Everybody needed help and everyone helped one another. How strong were you by the end of boot camp versus when you first began that process? Were you able to run farther than you could when you first started? I had more endurance. You had more endurance. I gained a little weight because I was skinny. I was very skinny. All right.

So they put some meat on the bones for you. Absolutely. Okay.

Very good. We see some of these movies sometimes. We who were never in the armed forces, we see some of the movies sometimes and folks are singing while they're doing these runs.

Did you have to do anything like that? Yeah, there were chances. We had to learn in order to keep in tune with the pace of the running.

Wow. It had to do with the pace of the run. And so those chance had to do with your pace. And you chanted as you ran at the right pace. Do you remember any of them?

I'm just curious. You remember any of the language? I was young. Yeah. Okay. I can't sing. Okay.

So that's why I'm not doing the run. All right. Do your thing. Okay.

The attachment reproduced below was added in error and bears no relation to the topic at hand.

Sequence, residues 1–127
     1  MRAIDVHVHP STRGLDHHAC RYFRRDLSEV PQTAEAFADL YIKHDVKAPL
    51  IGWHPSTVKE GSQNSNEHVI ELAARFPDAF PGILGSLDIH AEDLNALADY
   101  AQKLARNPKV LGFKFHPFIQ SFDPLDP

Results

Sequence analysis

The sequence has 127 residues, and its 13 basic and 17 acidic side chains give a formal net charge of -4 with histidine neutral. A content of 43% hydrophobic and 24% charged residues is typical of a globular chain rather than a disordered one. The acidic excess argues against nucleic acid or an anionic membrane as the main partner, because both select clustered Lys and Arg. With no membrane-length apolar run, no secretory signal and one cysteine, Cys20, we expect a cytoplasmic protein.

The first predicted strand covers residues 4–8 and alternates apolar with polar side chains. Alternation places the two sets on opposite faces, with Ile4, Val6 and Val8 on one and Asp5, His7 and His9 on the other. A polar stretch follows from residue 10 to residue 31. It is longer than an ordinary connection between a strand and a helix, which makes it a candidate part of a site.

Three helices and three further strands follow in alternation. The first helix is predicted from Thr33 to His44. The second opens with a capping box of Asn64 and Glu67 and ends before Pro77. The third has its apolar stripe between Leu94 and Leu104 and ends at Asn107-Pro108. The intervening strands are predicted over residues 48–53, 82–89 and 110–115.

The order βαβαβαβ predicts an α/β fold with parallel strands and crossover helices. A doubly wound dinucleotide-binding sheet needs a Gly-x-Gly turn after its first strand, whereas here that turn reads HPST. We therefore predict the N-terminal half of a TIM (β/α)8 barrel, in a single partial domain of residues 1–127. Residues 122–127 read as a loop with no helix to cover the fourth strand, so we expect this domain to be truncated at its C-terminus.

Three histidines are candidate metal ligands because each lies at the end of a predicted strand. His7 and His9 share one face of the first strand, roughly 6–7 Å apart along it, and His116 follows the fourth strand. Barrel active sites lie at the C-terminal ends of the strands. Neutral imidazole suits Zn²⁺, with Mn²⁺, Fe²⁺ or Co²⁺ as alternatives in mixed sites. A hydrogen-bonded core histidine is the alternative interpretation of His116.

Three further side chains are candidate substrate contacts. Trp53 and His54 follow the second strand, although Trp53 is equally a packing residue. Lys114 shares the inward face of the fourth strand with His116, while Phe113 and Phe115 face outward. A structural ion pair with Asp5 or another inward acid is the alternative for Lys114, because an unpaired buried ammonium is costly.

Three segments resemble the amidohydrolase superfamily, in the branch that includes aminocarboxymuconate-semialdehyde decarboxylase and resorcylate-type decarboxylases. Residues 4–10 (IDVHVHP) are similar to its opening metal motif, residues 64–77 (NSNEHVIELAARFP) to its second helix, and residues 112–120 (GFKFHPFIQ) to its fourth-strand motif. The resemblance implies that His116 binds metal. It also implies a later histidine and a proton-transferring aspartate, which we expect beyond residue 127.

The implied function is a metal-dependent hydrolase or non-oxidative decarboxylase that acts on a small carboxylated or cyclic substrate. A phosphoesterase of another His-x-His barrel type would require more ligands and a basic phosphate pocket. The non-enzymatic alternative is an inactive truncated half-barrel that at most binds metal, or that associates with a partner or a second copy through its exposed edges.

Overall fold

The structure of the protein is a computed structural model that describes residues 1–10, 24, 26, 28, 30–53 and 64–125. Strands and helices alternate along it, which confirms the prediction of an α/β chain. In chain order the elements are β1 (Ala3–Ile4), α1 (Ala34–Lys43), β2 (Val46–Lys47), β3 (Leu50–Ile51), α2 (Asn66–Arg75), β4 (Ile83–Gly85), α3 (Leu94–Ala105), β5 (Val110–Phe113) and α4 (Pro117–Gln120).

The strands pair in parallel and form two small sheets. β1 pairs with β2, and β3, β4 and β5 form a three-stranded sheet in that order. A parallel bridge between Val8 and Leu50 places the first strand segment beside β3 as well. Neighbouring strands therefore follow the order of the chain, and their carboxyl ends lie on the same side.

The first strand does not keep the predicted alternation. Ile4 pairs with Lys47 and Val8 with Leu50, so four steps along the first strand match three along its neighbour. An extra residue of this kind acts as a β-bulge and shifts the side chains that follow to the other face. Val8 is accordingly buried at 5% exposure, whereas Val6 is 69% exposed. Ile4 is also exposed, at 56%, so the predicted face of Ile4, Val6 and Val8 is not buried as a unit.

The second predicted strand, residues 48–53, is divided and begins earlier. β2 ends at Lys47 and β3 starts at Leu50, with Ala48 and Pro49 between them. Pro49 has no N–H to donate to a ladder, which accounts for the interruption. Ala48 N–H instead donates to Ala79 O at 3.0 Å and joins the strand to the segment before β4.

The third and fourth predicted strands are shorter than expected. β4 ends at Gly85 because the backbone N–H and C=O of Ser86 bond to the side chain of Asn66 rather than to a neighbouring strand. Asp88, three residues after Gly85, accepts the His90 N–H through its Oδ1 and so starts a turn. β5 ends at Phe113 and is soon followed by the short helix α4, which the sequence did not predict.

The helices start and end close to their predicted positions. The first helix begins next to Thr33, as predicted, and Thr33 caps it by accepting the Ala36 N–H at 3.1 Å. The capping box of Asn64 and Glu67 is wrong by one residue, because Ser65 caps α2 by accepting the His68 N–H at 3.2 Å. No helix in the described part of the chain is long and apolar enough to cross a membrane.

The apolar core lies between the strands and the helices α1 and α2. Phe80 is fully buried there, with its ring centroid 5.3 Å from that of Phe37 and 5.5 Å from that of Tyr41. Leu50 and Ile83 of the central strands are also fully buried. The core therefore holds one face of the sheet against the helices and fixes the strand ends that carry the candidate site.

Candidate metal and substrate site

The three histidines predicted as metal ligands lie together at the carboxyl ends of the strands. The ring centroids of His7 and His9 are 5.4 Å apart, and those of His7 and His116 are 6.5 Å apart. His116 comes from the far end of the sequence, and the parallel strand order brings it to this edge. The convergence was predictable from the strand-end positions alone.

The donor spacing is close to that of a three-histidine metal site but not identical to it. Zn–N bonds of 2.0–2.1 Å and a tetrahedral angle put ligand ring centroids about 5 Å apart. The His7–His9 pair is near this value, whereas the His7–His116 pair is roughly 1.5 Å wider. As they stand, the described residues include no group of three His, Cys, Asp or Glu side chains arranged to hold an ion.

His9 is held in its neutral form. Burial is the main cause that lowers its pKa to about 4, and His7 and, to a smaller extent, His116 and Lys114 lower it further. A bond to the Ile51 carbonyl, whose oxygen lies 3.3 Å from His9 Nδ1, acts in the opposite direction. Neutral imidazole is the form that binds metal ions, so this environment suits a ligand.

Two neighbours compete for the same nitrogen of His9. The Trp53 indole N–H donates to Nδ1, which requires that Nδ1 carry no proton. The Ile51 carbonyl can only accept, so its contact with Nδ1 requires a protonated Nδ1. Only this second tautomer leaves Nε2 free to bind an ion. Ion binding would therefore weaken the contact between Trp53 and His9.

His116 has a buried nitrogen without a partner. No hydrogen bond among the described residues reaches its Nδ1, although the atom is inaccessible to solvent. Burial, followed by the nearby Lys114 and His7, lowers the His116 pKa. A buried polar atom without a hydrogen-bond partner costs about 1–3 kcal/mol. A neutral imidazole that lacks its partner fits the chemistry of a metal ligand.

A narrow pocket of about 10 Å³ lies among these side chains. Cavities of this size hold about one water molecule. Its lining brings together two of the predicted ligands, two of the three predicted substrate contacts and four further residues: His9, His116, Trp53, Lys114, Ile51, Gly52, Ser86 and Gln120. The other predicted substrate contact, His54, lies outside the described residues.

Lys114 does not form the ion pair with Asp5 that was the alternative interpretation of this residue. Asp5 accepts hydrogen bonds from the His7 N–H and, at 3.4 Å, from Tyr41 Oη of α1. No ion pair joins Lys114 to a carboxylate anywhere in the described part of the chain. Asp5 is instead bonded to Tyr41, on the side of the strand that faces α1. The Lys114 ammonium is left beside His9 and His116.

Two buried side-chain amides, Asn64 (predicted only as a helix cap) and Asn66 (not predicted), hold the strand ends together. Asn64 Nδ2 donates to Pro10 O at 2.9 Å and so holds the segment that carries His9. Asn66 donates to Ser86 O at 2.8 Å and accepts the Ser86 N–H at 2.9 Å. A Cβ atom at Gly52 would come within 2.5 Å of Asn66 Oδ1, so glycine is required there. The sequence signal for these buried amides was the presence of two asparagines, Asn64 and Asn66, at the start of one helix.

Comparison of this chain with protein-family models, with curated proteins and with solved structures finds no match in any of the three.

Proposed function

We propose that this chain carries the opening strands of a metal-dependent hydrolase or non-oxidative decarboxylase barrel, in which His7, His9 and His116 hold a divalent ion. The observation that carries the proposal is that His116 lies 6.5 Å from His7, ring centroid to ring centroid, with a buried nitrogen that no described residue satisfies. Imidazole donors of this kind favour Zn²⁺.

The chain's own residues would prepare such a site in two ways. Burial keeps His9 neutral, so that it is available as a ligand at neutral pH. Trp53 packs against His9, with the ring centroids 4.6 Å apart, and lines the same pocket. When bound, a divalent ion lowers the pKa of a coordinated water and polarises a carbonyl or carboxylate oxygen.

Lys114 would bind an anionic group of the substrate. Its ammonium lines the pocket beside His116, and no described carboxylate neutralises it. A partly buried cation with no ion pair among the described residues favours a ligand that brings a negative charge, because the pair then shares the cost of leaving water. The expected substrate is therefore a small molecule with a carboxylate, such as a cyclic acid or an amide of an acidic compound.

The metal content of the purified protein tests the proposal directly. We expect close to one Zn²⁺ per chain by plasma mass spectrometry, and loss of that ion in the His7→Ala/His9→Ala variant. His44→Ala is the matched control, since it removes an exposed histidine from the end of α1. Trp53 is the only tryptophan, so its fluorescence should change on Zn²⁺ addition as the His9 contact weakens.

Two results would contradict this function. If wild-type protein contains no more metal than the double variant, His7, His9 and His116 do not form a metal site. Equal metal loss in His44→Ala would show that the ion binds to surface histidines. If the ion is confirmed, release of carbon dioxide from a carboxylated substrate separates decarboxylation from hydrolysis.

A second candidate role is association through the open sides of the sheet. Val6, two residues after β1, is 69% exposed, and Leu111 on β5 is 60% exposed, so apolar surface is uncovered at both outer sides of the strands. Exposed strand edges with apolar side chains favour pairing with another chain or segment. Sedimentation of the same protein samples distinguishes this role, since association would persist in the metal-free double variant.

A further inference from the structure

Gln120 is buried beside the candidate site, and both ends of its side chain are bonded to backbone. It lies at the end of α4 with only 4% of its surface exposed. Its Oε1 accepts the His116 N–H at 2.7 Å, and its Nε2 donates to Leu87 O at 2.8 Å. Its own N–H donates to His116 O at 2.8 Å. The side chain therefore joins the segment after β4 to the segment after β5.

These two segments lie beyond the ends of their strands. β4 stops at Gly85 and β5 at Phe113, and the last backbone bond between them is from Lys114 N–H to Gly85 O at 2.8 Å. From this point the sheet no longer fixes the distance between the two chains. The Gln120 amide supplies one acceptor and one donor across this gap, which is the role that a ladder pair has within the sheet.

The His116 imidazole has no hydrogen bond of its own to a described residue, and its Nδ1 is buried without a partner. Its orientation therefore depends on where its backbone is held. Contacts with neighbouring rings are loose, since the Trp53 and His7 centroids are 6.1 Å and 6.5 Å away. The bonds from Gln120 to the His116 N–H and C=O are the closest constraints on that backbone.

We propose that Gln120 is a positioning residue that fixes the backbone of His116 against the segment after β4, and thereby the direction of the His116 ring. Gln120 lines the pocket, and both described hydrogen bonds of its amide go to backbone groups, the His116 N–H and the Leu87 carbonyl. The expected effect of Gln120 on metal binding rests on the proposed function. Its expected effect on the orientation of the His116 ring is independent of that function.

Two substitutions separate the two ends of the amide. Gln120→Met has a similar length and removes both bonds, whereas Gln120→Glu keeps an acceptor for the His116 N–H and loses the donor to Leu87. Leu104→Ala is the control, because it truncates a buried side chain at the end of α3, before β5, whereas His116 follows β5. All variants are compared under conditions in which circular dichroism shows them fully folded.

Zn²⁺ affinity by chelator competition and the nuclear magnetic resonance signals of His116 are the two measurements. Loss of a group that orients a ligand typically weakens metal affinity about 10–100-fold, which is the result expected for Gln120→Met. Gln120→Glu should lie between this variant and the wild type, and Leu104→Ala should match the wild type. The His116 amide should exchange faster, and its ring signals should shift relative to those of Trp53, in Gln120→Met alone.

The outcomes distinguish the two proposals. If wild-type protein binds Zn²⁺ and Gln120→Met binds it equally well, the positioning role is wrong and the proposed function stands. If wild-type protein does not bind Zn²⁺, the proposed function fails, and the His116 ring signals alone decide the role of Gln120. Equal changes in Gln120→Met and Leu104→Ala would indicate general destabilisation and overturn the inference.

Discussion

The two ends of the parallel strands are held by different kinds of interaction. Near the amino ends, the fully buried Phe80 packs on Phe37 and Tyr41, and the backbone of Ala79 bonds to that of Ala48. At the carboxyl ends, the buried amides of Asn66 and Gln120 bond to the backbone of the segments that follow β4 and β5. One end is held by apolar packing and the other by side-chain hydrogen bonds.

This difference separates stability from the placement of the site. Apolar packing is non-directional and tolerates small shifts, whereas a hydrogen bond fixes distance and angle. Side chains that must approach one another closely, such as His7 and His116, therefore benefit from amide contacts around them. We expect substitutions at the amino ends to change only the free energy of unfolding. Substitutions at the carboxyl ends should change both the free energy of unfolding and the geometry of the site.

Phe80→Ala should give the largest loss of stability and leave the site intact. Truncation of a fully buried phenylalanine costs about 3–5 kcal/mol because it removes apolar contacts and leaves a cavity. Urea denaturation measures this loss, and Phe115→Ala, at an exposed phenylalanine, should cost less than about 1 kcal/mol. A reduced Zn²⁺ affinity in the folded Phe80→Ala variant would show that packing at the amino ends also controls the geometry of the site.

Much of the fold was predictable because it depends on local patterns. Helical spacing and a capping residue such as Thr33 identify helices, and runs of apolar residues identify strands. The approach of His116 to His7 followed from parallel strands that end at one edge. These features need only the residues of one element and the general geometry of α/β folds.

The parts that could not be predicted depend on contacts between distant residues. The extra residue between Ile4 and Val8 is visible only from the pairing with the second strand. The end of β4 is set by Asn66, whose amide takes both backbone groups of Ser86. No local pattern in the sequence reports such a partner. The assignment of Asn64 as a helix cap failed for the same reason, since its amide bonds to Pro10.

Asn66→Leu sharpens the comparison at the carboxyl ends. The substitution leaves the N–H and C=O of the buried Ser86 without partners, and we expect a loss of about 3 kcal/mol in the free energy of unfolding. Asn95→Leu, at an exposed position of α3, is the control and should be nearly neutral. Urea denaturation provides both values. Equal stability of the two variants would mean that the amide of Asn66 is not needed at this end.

We had to chant in time with a chant that a drill sergeant was chanting and we had to repeat what he said. Okay. And it was often a call and response. Okay. And he would call and we would respond in tune with the step.

Yes, sir. One, two, sound off. And we'd have to sound off.

I don't remember any other words. But we get it. The chance had to do with the pace and you had to keep pace in order. But you learned together. You got strong together. And you helped each other out.

You couldn't just do your part and then sit around and chill out, huh? Absolutely. Whether or not our unit passed or our platoon passed, depending on whether or not we did it together as a unit. Wow. You passed together or you failed together.